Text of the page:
Exposures Experiencing a negative wealth shock, defined as a loss of 75% or more of total net worth over a 2-year period, or asset poverty, defined as 0 or negative total net worth at study entry.

Main Outcomes and Measures Mortality data were collected from the National Death Index and postmortem interviews with family members. Marginal structural survival methods were used to account for the potential bias due to changes in health status that may both trigger negative wealth shocks and act as the mechanism through which negative wealth shocks lead to increased mortality.

Results There were 8714 participants in the study sample (mean [SD] age at study entry, 55 [3.2] years; 53% women), 2430 experienced a negative wealth shock during follow-up, 749 had asset poverty at baseline, and 5535 had continuously positive wealth without shock. A total of 2823 deaths occurred during 80 683 person-years of follow-up. There were 30.6 vs 64.9 deaths per 1000 person-years for those with continuously positive wealth vs negative wealth shock (adjusted hazard ratio [HR], 1.50; 95% CI, 1.36-1.67). There were 73.4 deaths per 1000 person-years for those with asset poverty at baseline (adjusted HR, 1.67; 95% CI, 1.44-1.94; compared with continuously positive wealth).

Conclusions and Relevance Among US adults aged 51 years and older, loss of wealth over 2 years was associated with an increased risk of all-cause mortality. Further research is needed to better understand the possible mechanisms for this association and determine whether there is potential value for targeted interventions.
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Old 04-11-2018, 02:09 PM
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https://www.theatlantic.com/health/a...m_medium=email

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The States Where People Die Young
A new study explores where and why Americans are dying early.
Spoiler:
We’ve known for some time now that Americans are increasingly dying younger, but the scale and nature of the problem has been a little bit murky. There was speculation that the downturn in American life expectancy was all thanks to “deaths of despair,” but some experts have said that might not be the full story, and that obesity and tobacco are still major factors in American mortality.

A new study out today in the Journal of the American Medical Association drills down into which states are showing increases in deaths among the young, and why. In doing so, it reveals a profound disparity among the states when it comes to both life expectancy and disability.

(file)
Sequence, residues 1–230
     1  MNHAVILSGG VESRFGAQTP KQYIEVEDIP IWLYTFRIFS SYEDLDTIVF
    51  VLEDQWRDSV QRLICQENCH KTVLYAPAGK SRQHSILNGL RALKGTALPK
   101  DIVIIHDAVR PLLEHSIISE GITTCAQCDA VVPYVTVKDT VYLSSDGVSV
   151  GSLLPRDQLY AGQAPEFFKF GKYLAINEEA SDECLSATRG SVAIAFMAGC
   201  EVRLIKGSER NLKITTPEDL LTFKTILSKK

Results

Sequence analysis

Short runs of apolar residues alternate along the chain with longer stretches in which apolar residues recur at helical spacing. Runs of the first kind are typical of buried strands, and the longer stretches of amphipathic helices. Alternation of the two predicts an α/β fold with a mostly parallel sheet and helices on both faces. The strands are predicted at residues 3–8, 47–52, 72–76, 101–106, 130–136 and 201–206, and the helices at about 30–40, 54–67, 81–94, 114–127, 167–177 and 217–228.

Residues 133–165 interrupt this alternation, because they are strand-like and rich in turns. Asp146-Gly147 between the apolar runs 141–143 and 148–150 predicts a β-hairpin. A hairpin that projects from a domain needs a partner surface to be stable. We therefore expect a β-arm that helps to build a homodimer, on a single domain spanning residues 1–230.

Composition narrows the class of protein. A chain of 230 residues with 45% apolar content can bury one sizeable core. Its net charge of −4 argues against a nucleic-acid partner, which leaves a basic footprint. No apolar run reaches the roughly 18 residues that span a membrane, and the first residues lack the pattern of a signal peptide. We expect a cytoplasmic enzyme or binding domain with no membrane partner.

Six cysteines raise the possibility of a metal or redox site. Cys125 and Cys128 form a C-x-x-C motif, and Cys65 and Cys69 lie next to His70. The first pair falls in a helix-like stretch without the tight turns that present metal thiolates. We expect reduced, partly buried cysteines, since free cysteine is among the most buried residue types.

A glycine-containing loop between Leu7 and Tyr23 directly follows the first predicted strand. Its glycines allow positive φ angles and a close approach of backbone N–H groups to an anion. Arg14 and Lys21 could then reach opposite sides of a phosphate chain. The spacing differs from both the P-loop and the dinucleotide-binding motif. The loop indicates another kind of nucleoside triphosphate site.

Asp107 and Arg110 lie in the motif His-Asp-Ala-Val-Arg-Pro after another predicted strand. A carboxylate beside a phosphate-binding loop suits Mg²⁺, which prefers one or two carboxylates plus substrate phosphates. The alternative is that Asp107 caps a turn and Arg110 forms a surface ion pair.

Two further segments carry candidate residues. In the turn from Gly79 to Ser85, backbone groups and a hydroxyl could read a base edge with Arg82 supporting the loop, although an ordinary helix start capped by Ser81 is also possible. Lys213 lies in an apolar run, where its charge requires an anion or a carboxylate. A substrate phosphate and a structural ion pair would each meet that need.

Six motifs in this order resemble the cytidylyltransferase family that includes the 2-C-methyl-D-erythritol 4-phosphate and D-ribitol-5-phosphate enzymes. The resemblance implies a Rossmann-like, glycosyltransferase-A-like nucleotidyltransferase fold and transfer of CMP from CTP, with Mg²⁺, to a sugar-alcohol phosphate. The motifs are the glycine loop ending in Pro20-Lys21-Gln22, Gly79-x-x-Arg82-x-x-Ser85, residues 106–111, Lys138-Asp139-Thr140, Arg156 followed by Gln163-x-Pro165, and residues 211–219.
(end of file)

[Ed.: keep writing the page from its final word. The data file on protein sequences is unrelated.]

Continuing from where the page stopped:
Most startlingly, since 1990, 21 states have seen an increase in the death rate among people aged 20 to 55. In five states—Kentucky, Oklahoma, New Mexico, West Virginia, and Wyoming—the probability of early death among young adults rose by more than 10 percent in that time frame. Meanwhile, in New York and California, young and middle-aged people became much less likely to die in the same time period. The authors note that opioids, alcoholism, suicide, and kidney disease—which can be brought on by diabetes and alcoholism—were the main factors leading to the increases in early deaths.

In 2016, the 10 states with the highest probability of premature death among 20- to 55-year-olds were West Virginia, Mississippi, Alabama, Oklahoma, Kentucky, Arkansas, New Mexico, Louisiana, Tennessee, and South Carolina.

Meanwhile, the 10 states with lowest probability of premature death among this age group were Minnesota, California, New York, Connecticut, New Jersey, Washington, Massachusetts, Vermont, New Hampshire, and Hawaii.

“Overall the nation and some of our states are falling behind other, less developed countries,” Ali Mokdad, a University of Washington epidemiologist who co-wrote the study, said in a statement. “The strain on America’s health resources is getting worse, and the need for prevention services and greater access to and quality of medical care is increasing.”

Though not an immediate cause of death, major depression increased by more than 27 percent across the country between 1990 and 2016, and anxiety rose by 31 percent.

Some of the findings track with the “diseases of despair” hypothesis—the idea that Americans are self-medicating their misery with alcohol and drugs—but it’s also clear that Americans’ poor diets are a major part of the problem. Between 1990 and 2016, Alzheimer’s disease and opioid abuse became more prominent causes of death and disability, but so did diabetes. A poor diet was the leading cause of death, followed by tobacco use and high blood pressure.